from the wheat, and thoroughly But though I conceive both purged his garner, that all shall be parties to err , in this véspect, yet holiness to the Lord. And indeed,

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in Rev. xiv. where we have angel flying in the midst of heaven, having the everlasting gospel to preach unto them that dwell on the earth, and to every nation, and kindred, and tongue," (which appears so aptly to symbolize the present times) the message of the angel is, "Fear God, and give glory to him, for the hour of his judgment is come." Which, by the way, shows us, that some signal judgment is to follow this evangelizing the nations, and that whilst the gospel is being preached "as a witness to them," they will be nevertheless becoming ripe for judgment. The same thing is to be implied from Rev. xviii. in which the angel who enlightens the earth with his glory, and announces the final doom of Babylon, first invites God's people to come out of her," shewing that there is an election of grace to be previously gathered in.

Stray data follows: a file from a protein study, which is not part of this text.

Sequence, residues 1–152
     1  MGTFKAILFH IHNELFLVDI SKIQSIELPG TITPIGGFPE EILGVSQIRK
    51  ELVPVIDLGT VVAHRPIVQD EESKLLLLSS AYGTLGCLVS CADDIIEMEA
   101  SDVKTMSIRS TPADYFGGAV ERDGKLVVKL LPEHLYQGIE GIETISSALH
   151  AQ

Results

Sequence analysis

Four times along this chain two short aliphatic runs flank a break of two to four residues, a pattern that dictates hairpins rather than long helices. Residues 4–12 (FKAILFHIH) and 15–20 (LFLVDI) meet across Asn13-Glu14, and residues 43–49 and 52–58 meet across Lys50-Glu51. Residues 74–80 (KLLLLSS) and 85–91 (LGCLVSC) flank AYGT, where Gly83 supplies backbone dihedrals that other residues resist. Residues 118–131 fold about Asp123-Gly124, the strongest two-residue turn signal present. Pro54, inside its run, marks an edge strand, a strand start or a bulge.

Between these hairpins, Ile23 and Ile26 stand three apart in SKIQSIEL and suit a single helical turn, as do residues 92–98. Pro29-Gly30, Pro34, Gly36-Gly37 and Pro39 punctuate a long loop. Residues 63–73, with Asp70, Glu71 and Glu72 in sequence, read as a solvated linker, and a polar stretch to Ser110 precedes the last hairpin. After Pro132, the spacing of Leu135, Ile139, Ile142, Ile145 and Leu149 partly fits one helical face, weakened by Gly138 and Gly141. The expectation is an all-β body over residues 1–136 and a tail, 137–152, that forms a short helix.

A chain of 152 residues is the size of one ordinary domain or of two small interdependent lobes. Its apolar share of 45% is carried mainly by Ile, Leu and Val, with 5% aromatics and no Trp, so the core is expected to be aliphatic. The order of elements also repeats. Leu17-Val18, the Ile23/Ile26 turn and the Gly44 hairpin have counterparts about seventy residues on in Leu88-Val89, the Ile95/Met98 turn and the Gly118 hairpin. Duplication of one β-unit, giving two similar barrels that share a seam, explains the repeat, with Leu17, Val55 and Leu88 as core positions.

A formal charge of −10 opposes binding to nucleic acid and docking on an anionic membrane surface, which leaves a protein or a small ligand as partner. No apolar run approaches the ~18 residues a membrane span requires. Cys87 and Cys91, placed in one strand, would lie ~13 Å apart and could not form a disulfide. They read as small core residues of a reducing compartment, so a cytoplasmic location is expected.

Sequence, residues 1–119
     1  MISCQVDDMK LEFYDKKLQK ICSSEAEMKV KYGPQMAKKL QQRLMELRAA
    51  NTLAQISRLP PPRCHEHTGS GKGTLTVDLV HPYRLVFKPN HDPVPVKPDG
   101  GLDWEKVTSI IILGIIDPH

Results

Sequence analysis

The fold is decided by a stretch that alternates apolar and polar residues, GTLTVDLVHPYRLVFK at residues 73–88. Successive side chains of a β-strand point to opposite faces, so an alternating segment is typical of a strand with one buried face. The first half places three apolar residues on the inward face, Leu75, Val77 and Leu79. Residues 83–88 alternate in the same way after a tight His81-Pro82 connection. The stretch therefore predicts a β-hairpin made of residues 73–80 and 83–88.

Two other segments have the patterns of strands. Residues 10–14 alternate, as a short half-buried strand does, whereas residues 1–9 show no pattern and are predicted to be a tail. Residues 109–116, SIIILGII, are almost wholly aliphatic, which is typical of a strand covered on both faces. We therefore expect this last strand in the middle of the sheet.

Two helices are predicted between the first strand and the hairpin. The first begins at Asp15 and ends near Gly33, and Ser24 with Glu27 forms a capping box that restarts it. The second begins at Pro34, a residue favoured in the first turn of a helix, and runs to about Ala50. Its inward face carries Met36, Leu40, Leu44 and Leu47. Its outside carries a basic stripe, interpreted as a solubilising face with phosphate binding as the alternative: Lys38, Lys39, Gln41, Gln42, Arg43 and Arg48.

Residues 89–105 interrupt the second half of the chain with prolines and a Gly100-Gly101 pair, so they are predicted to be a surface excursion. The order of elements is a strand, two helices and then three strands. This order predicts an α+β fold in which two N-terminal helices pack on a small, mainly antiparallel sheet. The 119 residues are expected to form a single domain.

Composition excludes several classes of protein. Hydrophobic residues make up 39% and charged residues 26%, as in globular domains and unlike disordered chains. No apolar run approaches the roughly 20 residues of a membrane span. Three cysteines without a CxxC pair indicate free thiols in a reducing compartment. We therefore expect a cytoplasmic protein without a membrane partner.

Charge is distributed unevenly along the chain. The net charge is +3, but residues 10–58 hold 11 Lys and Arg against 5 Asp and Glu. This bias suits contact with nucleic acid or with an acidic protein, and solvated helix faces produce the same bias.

Secondly, the agents to be employed in the general conversion of the heathen are the Israelites, as may be seen from Isaiah lxvi. 19. Zech. ii. 11. and other places. Nor is it unimportant to observe, of the number of agents to be employed in that work; that when the time shall arrive for it to be accomplished, it is written of it,

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The Lord gave the word, great was the company of those that published it." Psalm 1xviii. 11. Whereas it is the common complaint of missionary advocates, that the number of labourers, now after thirty or forty years of exertion, is still so small, that they will not supply more than one preacher to a million souls!